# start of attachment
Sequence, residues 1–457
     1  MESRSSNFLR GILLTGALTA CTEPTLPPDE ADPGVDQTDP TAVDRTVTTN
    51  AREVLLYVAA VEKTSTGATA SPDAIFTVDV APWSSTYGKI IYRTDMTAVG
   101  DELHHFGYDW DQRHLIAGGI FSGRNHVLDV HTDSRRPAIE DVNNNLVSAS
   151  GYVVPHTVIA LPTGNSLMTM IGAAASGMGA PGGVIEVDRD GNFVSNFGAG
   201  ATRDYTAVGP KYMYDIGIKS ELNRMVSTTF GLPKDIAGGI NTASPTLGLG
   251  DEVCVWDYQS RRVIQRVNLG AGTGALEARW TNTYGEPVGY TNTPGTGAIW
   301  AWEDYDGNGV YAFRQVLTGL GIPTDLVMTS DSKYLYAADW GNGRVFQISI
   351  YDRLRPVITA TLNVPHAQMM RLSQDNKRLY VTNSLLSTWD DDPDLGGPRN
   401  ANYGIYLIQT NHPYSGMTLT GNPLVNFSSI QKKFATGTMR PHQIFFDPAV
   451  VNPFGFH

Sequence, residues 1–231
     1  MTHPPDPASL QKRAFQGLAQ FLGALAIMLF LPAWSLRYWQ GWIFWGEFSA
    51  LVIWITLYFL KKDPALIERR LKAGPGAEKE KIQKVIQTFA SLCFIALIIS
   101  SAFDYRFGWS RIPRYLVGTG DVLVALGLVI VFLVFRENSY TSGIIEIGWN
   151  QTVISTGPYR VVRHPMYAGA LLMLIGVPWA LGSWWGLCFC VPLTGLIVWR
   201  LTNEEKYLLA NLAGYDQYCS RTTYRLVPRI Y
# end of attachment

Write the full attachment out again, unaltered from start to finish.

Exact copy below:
Sequence, residues 1–457
     1  MESRSSNFLR GILLTGALTA CTEPTLPPDE ADPGVDQTDP TAVDRTVTTN
    51  AREVLLYVAA VEKTSTGATA SPDAIFTVDV APWSSTYGKI IYRTDMTAVG
   101  DELHHFGYDW DQRHLIAGGI FSGRNHVLDV HTDSRRPAIE DVNNNLVSAS
   151  GYVVPHTVIA LPTGNSLMTM IGAAASGMGA PGGVIEVDRD GNFVSNFGAG
   201  ATRDYTAVGP KYMYDIGIKS ELNRMVSTTF GLPKDIAGGI NTASPTLGLG
   251  DEVCVWDYQS RRVIQRVNLG AGTGALEARW TNTYGEPVGY TNTPGTGAIW
   301  AWEDYDGNGV YAFRQVLTGL GIPTDLVMTS DSKYLYAADW GNGRVFQISI
   351  YDRLRPVITA TLNVPHAQMM RLSQDNKRLY VTNSLLSTWD DDPDLGGPRN
   401  ANYGIYLIQT NHPYSGMTLT GNPLVNFSSI QKKFATGTMR PHQIFFDPAV
   451  VNPFGFH

Sequence, residues 1–231
     1  MTHPPDPASL QKRAFQGLAQ FLGALAIMLF LPAWSLRYWQ GWIFWGEFSA
    51  LVIWITLYFL KKDPALIERR LKAGPGAEKE KIQKVIQTFA SLCFIALIIS
   101  SAFDYRFGWS RIPRYLVGTG DVLVALGLVI VFLVFRENSY TSGIIEIGWN
   151  QTVISTGPYR VVRHPMYAGA LLMLIGVPWA LGSWWGLCFC VPLTGLIVWR
   201  LTNEEKYLLA NLAGYDQYCS RTTYRLVPRI Y